In her book Plasticity at the Dusk of Writing, philosopher Catherine Malabou tells a story about the historical end of reading and writing and their reinvention in a new form. The new mode is seen most vividly, suggests Malabou, in the cerebral plasticity of the brain, but also holds sway in philosophy and literature. The concept of the plastic—which she defines, using the image of plastic explosive, as the capacity to give form and the capacity to take form—refers to mutability, change, exchange, morphing, metamorphosis, and transformation. Plastic reading is a structural approach that aims to document the “structure of philosophy” that remains after a text has been subjected to certain analyses. This essay describes Malabou's vision of plastic reading as a living relation to texts in which metamorphosis regulates the metabolism between stasis and aleatory change.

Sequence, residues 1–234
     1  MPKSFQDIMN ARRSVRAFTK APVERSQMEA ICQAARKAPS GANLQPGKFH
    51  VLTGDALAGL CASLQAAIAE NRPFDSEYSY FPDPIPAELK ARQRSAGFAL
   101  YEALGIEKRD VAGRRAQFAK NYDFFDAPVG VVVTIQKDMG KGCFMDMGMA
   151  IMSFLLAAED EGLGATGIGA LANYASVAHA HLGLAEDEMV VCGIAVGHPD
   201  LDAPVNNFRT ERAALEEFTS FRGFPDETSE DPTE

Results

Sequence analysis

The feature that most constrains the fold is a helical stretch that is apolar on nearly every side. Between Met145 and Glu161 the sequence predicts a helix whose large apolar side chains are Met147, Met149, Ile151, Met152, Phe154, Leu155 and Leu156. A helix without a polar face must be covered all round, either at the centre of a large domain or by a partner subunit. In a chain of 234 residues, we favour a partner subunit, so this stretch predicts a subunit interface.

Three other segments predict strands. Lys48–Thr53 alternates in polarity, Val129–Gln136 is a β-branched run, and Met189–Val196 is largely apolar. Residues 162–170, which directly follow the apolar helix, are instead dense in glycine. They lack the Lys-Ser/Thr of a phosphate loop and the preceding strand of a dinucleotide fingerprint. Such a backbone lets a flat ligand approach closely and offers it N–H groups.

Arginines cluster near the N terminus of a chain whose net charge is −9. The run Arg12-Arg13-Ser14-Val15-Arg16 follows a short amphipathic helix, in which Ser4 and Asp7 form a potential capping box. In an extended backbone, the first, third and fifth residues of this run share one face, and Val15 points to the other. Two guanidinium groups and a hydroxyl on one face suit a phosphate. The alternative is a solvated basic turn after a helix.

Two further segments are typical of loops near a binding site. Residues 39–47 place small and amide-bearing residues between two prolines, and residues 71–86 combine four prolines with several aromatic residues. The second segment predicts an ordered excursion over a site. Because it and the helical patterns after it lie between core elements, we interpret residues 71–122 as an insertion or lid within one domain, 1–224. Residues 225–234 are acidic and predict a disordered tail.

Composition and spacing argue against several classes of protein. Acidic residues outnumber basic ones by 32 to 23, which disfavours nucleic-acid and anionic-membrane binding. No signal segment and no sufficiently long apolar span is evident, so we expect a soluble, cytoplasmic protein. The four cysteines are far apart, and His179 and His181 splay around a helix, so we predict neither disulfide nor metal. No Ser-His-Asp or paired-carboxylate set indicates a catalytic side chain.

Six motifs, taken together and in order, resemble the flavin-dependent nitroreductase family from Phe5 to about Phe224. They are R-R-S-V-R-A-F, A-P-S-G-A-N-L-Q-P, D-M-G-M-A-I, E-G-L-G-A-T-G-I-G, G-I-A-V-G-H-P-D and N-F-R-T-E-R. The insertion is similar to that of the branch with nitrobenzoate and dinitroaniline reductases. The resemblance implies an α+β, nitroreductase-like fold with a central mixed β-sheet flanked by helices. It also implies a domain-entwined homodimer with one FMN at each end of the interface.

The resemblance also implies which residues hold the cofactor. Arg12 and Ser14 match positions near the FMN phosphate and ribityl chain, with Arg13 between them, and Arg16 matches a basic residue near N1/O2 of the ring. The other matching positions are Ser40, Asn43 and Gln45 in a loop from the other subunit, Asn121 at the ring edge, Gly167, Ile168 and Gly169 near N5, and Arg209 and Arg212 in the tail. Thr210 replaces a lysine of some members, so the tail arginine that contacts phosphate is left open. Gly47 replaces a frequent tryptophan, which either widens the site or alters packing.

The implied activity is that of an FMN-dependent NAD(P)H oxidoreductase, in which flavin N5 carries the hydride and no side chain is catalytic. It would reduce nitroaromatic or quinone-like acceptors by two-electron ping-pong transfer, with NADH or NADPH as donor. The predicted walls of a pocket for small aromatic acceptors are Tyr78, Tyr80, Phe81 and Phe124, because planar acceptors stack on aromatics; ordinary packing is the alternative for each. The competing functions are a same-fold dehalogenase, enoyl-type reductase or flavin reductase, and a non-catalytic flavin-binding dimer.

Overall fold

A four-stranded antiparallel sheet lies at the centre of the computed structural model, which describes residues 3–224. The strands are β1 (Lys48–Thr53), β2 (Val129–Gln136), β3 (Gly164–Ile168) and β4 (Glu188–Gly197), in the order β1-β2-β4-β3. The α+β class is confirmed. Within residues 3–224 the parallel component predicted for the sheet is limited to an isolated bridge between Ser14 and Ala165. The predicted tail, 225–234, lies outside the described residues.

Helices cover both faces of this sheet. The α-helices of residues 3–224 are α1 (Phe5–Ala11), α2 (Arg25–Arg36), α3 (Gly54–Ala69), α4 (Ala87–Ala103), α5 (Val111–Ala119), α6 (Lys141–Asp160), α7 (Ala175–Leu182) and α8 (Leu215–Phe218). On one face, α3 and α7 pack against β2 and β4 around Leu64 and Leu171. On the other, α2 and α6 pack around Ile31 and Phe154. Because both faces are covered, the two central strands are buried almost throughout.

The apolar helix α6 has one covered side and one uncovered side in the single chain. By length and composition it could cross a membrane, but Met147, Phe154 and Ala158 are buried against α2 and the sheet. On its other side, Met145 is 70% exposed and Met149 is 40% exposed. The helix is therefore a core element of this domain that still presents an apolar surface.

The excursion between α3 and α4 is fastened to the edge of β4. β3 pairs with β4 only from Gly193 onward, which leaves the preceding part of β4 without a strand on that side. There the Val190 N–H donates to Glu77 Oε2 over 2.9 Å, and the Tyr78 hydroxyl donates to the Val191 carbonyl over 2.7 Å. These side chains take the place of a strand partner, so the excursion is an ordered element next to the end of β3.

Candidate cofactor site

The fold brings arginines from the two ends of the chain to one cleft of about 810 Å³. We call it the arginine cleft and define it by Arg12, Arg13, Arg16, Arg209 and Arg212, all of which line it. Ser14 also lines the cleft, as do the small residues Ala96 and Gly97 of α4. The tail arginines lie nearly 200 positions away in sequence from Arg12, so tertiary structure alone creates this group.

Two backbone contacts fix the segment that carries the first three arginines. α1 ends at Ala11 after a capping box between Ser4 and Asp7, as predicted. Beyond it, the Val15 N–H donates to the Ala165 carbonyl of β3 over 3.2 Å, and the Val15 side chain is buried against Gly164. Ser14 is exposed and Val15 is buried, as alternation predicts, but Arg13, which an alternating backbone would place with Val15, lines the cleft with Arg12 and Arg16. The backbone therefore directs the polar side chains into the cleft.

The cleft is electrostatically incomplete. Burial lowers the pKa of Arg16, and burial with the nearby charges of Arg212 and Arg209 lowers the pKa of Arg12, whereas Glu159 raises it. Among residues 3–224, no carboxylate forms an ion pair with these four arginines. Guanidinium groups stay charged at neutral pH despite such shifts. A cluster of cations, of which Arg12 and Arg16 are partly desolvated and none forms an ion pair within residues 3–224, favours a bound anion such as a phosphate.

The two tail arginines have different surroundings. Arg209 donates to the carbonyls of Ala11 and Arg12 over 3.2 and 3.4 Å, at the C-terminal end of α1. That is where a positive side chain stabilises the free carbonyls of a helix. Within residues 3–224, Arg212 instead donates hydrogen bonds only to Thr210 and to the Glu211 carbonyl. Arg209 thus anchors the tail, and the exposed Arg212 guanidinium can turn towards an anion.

Skip Nav Destination
Research Article| May 01 2012
Alexander R. Galloway
Novel (2012) 45 (1): 10–12.
Alexander R. Galloway; Plastic Reading. Novel 1 May 2012; 45 (1): 10–12. doi: https://doi.org/10.1215/00295132-1541297
Download citation file:
Don't already have an account? Register
You could not be signed in. Please check your email address / username and password and try again.
Could not validate captcha. Please try again.
Sign in via your InstitutionSign In
Citing articles via
Descartes and the Post-Traumatic Subject: On Catherine Malabou's Les Nouveaux Blessés and Other Autistic Monsters